Before going back to the Washington courthouse this week, Trump kicked off his 2024 election year campaign schedule with his four-stop Iowa swing last Friday and Saturday, facing weather delays that forced him to be nearly three-and-a-half hours late for his second stop of the day on Saturday.

Hopping from Sioux Center to Mason City and then from Newton to Clinton, Trump touted confidence in his lead over his Republican contenders who are far behind him in the polls according to 538’s polling average, but stressed to his supporters the importance of actually coming out to caucus for him on Jan. 15, saying he’s “not taking any chances.”

“Get out and vote — don’t listen to the polls,” Trump said at his Clinton rally Saturday night. “Pretend you’re one point down … You have to get out and you have to vote, vote, vote.”

Instead of Trump himself appearing before the voters, his campaign has planned for a blitz of surrogates to fan out across the state in order to spread Trump’s message for him in the final stretch in Iowa, urging people to caucus while telling their own personal interactions with the former president.

Stumping for his father last week, Eric Trump called his father mid-speech as he was emphasizing his point about how much of a family man he says Donald Trump is.

“He always picks up, he’s good with a cell phone,” Eric Trump said as he was calling.

“Every single day that he was in the White House, when I was governor, I got to be on offense,” South Dakota GOP Gov. Kristi Noem, whose name has been floated as a potential vice-presidential candidate pick, said at the first surrogate event of the year in Sioux City. “Ever since Joe Biden got into the White House, I’ve been on defense.”

But even those surrogate plans have not gone off without a hitch as a winter storm heading into Iowa caused the Trump team to have to cancel two events featuring Arkansas GOP Gov. Sarah Huckabee Sanders and her father, former Arkansas Gov. Mike Huckabee. A surrogate event on Tuesday was set to feature former acting Attorney General Matt Whitaker and stand-up comedian Roseanne Barr; however, Barr also had to cancel her scheduled appearance due to weather issues.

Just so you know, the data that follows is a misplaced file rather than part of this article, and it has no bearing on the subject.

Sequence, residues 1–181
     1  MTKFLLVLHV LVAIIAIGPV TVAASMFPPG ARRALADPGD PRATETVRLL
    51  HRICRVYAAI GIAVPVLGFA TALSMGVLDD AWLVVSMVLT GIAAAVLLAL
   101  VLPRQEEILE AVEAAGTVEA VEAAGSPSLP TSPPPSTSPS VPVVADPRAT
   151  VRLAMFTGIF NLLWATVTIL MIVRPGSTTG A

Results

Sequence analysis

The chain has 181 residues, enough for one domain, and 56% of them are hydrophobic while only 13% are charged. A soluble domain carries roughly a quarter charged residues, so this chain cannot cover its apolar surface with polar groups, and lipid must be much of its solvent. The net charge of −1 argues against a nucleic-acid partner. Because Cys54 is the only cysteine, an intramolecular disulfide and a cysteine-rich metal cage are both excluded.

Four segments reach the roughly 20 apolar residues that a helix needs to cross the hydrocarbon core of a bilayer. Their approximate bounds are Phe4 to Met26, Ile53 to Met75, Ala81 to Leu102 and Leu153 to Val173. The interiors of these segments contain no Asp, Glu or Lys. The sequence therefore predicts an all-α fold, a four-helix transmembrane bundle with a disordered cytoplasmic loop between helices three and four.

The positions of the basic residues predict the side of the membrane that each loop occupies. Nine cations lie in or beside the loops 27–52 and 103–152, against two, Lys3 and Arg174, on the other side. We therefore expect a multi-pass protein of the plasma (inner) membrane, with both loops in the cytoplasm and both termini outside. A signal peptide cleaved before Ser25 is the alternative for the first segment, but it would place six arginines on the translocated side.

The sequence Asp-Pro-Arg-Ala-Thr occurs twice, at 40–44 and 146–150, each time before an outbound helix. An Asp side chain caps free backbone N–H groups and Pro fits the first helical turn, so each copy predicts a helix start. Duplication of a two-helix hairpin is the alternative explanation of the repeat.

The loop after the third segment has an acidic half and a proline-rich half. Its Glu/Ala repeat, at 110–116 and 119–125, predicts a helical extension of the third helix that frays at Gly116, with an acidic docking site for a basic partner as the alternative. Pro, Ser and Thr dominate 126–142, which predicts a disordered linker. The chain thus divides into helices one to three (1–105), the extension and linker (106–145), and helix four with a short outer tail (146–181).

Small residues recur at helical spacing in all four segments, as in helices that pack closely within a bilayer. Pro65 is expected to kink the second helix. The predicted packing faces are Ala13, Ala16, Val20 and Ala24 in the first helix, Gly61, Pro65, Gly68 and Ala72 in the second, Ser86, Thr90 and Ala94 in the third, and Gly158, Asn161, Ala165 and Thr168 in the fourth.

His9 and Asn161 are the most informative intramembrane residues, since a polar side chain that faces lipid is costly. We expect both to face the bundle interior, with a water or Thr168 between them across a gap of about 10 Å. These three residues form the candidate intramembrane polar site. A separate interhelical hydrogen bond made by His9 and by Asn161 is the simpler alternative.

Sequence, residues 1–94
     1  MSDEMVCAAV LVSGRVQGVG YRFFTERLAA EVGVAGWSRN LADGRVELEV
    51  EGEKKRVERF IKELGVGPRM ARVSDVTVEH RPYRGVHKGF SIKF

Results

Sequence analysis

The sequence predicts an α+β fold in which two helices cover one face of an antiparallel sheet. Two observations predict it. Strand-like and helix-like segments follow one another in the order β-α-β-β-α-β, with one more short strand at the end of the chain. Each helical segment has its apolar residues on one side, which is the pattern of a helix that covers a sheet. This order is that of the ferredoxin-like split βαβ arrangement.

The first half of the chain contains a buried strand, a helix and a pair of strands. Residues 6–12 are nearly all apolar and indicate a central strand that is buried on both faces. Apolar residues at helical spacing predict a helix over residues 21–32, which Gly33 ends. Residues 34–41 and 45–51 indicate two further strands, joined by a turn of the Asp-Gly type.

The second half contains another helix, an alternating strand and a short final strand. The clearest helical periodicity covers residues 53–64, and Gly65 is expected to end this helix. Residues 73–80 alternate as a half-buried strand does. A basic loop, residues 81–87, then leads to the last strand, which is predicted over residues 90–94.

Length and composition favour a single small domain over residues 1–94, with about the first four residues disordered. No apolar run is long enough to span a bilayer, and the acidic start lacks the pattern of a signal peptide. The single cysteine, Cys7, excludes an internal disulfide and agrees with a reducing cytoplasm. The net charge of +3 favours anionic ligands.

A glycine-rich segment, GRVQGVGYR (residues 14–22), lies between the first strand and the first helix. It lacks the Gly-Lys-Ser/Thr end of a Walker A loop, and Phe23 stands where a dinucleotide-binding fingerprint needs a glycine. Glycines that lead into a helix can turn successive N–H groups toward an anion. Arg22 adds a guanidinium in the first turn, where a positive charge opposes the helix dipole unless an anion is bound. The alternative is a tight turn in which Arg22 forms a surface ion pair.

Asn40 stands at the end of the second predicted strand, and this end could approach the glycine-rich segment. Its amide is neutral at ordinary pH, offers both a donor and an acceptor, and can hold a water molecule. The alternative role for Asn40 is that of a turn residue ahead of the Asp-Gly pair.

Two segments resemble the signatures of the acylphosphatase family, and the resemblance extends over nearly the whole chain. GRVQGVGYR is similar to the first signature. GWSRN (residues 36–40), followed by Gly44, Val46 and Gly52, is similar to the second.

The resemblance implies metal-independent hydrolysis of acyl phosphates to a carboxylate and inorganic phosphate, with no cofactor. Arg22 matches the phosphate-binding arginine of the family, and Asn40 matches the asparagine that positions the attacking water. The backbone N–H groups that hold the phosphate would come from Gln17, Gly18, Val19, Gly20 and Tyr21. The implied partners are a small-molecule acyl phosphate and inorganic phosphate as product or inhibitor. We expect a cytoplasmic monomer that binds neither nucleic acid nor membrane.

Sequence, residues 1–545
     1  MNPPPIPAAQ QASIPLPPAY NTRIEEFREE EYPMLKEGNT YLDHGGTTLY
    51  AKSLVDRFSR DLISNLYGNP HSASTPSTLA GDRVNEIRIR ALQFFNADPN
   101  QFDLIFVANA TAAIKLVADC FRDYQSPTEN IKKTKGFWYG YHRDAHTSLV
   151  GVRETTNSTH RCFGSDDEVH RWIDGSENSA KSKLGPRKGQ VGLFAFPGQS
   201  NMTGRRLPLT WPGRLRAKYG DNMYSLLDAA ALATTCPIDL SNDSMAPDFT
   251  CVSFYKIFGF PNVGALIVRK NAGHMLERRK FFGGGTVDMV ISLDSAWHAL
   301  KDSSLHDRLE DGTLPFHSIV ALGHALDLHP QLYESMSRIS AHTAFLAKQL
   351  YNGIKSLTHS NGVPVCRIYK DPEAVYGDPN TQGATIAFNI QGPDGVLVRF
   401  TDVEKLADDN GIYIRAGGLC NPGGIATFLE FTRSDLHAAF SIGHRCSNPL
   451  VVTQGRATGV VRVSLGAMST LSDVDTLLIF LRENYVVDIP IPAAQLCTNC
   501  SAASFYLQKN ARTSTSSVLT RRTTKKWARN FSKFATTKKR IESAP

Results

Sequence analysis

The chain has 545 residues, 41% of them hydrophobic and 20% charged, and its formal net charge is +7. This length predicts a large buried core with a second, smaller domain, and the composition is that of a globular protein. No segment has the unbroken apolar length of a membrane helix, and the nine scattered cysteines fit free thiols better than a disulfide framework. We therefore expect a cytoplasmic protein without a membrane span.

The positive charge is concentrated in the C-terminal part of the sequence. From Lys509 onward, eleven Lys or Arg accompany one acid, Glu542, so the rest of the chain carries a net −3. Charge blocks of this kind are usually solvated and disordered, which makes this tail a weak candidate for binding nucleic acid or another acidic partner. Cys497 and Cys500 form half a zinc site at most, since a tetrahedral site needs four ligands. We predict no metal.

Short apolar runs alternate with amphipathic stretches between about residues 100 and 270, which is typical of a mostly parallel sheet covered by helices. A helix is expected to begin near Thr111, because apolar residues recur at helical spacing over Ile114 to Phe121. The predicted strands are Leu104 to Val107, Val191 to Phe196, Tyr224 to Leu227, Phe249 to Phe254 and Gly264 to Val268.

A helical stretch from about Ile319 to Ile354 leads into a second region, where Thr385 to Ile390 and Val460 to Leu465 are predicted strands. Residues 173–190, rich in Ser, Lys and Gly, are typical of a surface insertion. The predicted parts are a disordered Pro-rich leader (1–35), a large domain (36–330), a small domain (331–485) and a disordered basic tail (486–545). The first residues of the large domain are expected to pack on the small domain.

Though the snowstorm is affecting multiple candidates who have had to alter their campaign schedules, with an already light schedule, the new holes in the Trump schedule is more glaring.

Though retail politicking and facetime has become a crucial part of winning in a state like Iowa, Trump’s absence seems to not have hindered support in the Hawkeye State as supporters either dismiss Trump’s lack of campaign events or point to one of his central campaign messages that his legal battles are only happening in order to interfere with his presidential chances.

“I’ve met President Trump twice, had like a 30 second conversation with him. He’s always on the run. And he’s a very smart, intelligent person. And I know what he’s doing is for the best of the interest for the office that he’s running for, the best interest for Iowa voters and for the entire nation,” Trenton Eilander, a Trump caucus captain, told ABC News.

Meanwhile, Trump’s legal battles have done little to turn his supporters away — many of them even say they’d vote for him even if he’s convicted.

“No, I’ll vote for him,” said Wanda Kruse from Marble Rock, Iowa, who attended his rally in Mason City, Iowa, on the eve of the third anniversary of the Jan. 6 Capitol attack, when asked if her vote would be affected if he’s convicted in any of the charges he faces. “I feel that it’s trying to distract everyone from the election — maybe they’re trumped up.”